Revisit Tucson's History at Old Town Artisans
In old adobe, beneath saguaro rib ceilings covered in twinkling lights and lush plants, Old Town Artisans’ aesthetic ambiance makes this historic building a go-to spot for both Tucsonans and tourists looking to shop until they drop.
Made up of seven shops, a restaurant, a pub and a market, all housed in a Spanish-style courtyard, Old Town Artisans offers a unique and varied experience for all its customers.
“It’s the home of the oldest most continually occupied buildings in the state of Arizona, so just being able to keep that history alive and keep commerce going in this area is an honor for all of us,” said Jo Schneider, the owner of La Cocina Restaurant and Cantina. “It makes it special because this is really where history started.”
Old Town Artisans is located at 201 N. Court Ave. in one of the oldest buildings in Tucson, dating back to 1775.
According to their website, Old Town Artisans is resting on the site of El Presidio San Augustín del Tucsón, a fort built by the Spanish. The current block that Old Town Artisans has staked claim to happened to be where the stables area once was.
“It’s one of the most historic places that’s left in this city,” said Mark Benko, the manager of Art House Centro. “We are on the grounds of the original presidio. The restaurant on the courtyard, La Cocina, is actually where the stables used to be at the presidio.”
In addition to its rich history, the stores that make up Old Town Artisans offer shoppers a wide variety of options.
One of the shops, Art House Centro, has been open for six years. Their mission is to provide affordable art to the Tucson community, making it perfect for UA students on a budget.
“[When we] opened the shop, our theme was affordable art for you, your home and garden,” Benko said. “We have a lot of nice things that are affordable for dorm rooms.”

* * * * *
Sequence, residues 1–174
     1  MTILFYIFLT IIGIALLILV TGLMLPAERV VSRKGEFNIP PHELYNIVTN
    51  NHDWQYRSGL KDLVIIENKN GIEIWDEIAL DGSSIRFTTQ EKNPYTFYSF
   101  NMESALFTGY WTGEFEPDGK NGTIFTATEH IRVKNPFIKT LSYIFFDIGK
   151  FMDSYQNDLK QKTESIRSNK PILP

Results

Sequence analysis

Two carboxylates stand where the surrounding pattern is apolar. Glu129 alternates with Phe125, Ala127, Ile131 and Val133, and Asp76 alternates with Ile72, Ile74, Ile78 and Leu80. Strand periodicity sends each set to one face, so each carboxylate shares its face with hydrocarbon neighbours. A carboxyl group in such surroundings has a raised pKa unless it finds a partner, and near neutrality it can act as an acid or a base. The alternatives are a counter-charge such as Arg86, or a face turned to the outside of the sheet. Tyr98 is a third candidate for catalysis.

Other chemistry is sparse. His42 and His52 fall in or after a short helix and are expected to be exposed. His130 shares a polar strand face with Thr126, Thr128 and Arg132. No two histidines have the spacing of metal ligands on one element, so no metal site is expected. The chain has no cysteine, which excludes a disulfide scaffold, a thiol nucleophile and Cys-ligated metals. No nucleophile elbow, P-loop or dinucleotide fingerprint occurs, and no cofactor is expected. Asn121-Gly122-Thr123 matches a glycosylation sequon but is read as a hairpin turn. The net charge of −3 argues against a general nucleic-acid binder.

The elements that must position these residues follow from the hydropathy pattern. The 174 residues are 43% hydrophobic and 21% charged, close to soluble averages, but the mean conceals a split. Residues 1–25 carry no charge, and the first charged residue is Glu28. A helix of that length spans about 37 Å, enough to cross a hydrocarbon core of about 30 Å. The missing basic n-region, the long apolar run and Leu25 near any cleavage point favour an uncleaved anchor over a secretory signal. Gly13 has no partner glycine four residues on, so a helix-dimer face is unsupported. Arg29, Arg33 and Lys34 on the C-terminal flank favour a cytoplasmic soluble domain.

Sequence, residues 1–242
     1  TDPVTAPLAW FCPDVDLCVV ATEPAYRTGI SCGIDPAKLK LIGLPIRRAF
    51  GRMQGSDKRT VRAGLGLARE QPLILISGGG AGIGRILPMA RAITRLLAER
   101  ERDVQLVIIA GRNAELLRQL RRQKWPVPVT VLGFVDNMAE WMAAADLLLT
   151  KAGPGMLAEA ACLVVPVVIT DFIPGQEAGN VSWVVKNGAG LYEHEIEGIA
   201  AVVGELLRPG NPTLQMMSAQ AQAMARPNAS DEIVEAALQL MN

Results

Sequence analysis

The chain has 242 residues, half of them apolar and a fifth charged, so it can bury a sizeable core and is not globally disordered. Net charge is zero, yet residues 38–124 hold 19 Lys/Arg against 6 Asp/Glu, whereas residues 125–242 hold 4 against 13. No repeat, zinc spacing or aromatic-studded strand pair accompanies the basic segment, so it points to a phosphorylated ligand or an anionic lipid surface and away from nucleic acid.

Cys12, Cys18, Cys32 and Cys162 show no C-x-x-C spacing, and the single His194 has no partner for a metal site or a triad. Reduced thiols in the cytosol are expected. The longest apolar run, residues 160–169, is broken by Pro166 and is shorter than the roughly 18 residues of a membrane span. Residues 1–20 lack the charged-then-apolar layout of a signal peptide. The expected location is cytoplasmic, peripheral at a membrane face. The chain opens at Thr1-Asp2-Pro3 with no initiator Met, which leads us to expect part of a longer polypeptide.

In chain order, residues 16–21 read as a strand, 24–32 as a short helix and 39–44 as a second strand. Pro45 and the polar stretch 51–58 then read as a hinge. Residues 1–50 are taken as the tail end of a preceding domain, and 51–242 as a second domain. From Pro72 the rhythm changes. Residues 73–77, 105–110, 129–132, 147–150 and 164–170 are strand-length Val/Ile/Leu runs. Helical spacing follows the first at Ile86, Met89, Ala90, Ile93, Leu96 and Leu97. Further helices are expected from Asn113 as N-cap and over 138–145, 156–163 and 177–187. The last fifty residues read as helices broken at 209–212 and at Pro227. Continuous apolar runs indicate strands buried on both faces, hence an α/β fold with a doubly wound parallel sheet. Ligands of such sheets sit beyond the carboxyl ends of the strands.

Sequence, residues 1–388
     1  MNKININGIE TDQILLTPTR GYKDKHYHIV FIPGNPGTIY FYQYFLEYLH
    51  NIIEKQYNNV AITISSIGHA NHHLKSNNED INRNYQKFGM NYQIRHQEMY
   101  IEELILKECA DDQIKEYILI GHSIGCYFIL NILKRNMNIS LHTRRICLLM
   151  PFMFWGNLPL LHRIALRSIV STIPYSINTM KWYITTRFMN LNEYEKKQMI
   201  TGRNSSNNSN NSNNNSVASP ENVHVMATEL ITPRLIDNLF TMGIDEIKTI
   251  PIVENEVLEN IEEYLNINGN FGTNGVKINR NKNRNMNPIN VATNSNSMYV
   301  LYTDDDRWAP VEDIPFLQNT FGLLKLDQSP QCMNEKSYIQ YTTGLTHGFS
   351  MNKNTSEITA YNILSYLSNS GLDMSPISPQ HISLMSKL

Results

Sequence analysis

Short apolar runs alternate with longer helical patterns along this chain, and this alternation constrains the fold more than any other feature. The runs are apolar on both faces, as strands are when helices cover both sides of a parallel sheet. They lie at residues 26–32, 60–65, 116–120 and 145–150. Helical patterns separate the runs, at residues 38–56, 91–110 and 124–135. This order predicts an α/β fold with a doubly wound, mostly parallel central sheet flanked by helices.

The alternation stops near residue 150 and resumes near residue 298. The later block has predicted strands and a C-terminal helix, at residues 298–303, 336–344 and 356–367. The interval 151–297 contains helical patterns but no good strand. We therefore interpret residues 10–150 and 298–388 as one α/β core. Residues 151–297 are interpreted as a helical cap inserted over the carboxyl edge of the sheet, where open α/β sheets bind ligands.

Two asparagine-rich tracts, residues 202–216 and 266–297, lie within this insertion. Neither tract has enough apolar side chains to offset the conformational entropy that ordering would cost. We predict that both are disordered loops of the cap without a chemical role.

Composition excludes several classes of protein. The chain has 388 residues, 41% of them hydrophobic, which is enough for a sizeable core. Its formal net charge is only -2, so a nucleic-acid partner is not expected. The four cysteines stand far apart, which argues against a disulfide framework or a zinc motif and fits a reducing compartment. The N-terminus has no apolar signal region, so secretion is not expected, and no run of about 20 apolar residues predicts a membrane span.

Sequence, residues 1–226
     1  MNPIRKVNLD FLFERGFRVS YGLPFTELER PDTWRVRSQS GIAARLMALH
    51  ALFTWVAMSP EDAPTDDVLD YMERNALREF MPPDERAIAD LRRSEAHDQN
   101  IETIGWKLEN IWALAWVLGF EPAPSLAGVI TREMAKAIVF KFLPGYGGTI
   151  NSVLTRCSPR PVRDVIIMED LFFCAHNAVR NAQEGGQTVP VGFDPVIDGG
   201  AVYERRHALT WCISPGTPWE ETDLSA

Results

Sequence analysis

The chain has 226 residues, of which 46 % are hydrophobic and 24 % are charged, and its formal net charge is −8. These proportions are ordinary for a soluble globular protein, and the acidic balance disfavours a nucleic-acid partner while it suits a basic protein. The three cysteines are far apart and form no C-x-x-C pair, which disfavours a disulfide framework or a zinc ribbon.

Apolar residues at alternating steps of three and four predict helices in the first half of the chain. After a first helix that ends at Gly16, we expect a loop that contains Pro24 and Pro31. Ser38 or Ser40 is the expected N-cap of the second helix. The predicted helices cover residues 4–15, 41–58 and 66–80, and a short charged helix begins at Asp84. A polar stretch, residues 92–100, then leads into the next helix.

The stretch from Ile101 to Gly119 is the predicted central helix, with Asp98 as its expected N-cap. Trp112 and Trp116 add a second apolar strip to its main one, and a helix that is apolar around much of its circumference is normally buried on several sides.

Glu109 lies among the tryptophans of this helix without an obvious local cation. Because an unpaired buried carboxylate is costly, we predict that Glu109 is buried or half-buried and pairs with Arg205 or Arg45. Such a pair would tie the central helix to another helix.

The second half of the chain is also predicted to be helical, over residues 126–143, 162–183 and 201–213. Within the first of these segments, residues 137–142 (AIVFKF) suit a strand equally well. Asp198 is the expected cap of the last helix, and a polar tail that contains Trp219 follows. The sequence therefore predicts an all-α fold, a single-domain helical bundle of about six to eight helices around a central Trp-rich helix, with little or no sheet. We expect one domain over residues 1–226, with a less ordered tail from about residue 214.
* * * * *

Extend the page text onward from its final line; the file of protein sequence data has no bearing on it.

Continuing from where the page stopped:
For curators of vintage finds and one-of-a-kind treasures, Gypsy Emporium is the place to go. Debbie Forrest, the co-owner of the shop, travels as far as the east coast to find quirky curios, including monkey skulls and woman-shaped chairs.
“This is Old Town Artisans,” Forrest said. “We fit in perfectly with our old stuff.”
Nine years ago, inspired by the beauty of Old Town Artisans, Schneider opened the outdoor restaurant La Cocina. La Cocina has live music every night and allows its diners to have dinner beneath twinkling lights — apparently making it a great place for a first date.
“We’re a popular place to go for a date,” Schneider said. “It’s all lit up with twinkle lights and it’s pretty romantic, so we seem to get a lot of first dates.”
Old Town Artisans also includes a record shop, a tattoo parlor, a vintage clothing shop and a Native American arts store.
“It’s just a great place to work,” Benko said. “We have a great bunch of people who work here. All the shopkeepers are really friendly and we all get along. It has a really nice vibe and it’s a lot of fun here.”
While they do see some University of Arizona students come by, Schneider said that Old Town Artisans has a bigger tourist population. Nonetheless, the shop owners encourage students and community members to stop by and see a piece of Tucson history.
“There are a lot more tourists than Tucson people,” Forrest said. “There [have] been people who have lived here for over 20 years and they never knew this place existed, so it would be for good for Tucson people to come see this historic place.”
Benko, Forrest and Schneider said they believe that Old Town Artisans’ history is what makes it stand out from all of the other stores located in Tucson. Schneider said that she is proud to continue to pay homage to Tucson’s past.
“One of the most historic sections of Tucson is right here,” Schneider said. “So having this outdoor restaurant with a stage, honoring our local musicians and honoring the history of Tucson is a privilege every day.”
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